1) Add Promotional Messages and Welcoming Language
Not only will it catch their attention, but it may shift someone away from thinking “It’s not for me.” Examples include:
- “We encourage people with disabilities and from other diverse backgrounds to apply. We do not discriminate based on disability.”
- “We provide reasonable accommodations as needed to people with disabilities.”
- “Our materials are available in alternative formats (braille, electronic, large print, etc.) upon request.”
- “Our office is wheelchair-accessible.”
- “Our participants reflect a wide range of socioeconomic, cultural and religious affiliations within their countries, including people with disabilities.”
Recruitment materials such as brochures, websites and posters should include images of people with disabilities, and, if possible, quotes by participants with disabilities who have participated successfully. A picture and/or quote from an exchange participant who uses a wheelchair or a white cane sends a powerful message to potential applicants, parents, school administrators, leaders in the disability community, and others, that students with disabilities are welcome to participate and have successful experiences abroad.
Request our free poster and recruiting materials with inclusive images. Contact us via email.
2) Broaden Media Resources
Solicit stories from the participants and staff with disabilities involved in the program and disseminate and include their stories in your organization’s websites, brochures, social media, newsletters and other media that is used for all audiences. Include disability print and social media sites on distribution lists for program outreach and application deadlines.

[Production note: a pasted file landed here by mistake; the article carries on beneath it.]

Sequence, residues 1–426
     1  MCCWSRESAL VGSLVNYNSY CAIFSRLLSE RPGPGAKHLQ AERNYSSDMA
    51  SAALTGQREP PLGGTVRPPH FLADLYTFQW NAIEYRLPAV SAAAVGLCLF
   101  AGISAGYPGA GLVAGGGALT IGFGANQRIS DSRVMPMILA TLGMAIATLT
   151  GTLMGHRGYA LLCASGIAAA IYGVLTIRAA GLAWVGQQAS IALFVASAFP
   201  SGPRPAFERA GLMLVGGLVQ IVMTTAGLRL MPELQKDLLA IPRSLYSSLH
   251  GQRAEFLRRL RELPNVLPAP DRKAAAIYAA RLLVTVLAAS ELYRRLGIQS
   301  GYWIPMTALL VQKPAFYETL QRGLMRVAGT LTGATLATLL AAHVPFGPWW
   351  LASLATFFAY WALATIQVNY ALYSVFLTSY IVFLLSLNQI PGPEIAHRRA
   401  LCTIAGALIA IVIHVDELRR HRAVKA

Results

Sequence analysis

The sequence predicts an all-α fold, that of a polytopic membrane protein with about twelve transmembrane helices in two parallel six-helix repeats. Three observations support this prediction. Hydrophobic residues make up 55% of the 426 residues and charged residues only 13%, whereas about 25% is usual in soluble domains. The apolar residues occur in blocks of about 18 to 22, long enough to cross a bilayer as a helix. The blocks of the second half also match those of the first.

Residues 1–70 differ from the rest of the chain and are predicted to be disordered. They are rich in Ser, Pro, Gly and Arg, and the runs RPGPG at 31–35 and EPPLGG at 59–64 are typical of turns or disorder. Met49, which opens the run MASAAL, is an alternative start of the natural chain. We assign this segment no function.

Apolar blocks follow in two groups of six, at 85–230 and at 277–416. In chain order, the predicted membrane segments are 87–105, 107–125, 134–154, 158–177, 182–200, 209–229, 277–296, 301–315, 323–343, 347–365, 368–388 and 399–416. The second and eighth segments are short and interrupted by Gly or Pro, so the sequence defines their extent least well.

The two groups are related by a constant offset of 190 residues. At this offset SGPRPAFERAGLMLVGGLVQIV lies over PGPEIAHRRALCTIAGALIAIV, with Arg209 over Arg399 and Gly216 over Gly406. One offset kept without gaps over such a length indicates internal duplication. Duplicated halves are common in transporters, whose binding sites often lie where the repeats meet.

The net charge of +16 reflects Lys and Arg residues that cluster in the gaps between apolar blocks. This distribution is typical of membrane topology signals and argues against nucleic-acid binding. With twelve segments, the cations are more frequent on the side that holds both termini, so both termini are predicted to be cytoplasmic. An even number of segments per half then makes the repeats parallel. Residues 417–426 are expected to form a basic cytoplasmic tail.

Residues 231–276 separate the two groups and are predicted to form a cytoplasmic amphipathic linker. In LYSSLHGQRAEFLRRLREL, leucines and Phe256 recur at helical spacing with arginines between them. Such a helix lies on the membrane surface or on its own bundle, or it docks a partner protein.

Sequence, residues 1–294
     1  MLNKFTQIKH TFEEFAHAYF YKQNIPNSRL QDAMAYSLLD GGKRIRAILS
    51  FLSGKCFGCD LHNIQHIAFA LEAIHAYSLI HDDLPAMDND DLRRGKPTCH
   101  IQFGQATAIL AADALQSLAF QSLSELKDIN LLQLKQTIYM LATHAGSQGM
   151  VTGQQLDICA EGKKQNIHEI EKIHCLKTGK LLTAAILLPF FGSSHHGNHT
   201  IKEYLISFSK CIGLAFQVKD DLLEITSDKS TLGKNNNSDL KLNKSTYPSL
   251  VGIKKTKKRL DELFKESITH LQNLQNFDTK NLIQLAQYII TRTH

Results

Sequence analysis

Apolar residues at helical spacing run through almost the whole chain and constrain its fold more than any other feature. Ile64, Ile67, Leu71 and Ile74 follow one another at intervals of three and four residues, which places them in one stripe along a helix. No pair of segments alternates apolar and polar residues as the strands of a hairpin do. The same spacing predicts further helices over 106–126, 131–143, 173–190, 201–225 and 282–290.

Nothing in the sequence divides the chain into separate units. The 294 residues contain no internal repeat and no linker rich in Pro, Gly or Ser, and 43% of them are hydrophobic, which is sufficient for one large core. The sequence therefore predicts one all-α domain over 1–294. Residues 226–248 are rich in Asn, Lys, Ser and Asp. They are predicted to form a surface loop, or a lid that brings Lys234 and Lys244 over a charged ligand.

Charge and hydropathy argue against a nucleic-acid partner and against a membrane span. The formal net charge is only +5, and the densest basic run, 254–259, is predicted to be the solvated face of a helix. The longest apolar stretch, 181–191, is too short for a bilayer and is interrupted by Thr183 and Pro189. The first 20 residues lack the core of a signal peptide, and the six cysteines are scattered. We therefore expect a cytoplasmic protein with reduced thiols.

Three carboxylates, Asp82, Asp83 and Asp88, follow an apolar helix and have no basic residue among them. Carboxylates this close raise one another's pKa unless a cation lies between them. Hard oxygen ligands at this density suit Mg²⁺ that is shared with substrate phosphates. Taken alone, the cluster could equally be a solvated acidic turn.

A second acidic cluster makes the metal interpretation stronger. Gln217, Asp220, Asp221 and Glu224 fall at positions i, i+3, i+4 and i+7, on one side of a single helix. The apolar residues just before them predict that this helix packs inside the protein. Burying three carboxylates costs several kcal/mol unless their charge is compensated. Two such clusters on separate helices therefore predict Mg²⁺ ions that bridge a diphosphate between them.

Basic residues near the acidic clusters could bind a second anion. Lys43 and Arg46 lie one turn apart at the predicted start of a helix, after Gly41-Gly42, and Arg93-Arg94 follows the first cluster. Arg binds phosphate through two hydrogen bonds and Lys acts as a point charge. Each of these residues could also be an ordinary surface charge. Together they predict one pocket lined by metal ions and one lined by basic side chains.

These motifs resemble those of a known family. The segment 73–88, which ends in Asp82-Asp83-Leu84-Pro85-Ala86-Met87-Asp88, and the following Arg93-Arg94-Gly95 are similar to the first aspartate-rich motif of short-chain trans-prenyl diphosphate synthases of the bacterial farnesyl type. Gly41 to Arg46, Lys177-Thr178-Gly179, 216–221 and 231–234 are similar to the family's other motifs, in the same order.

3) Network with Local, Regional and National Organizations
Identifying contacts at organizations that are led by and work with people with disabilities is essential to recruiting and accommodating participants with disabilities in international exchange.
University disability services offices, local independent living centers, rehabilitation organizations, adaptive recreation programs, parents organizations, special education departments or schools, disability rights organizations and support groups are critical sources of knowledge and support.
Doing personal outreach and in-person presentations/advising with potential applicants at these organizations makes a difference.
4) Provide Scholarships
Financial assistance is one of the best tools for encouraging the participation of populations usually underrepresented. Offer scholarships specifically for people with disabilities.
Also ensure broader scholarships and fellowships are awarded to a diversity of applicants. Educate the scholarship review committee about these diversity expectations.
When sending out materials about broader scholarship or fellowships, point out to school administrators, overseas advisors, and employers that those with disabilities are encouraged to apply and will be accommodated. Until program recruiters inform them otherwise, some may never think to encourage people with disabilities to consider a prestigious opportunity.
5) Utilize Peer and Family Connections
Offer to put individuals with disabilities who are considering applying in contact with program alumni with disabilities. For young people with disabilities, their parents often play a larger role in their lives for a longer period of time. If your program materials or connections with alumni’s parents can convince the parent that this is a worthwhile experience, you may have a better chance of the person with the disability participating in your program.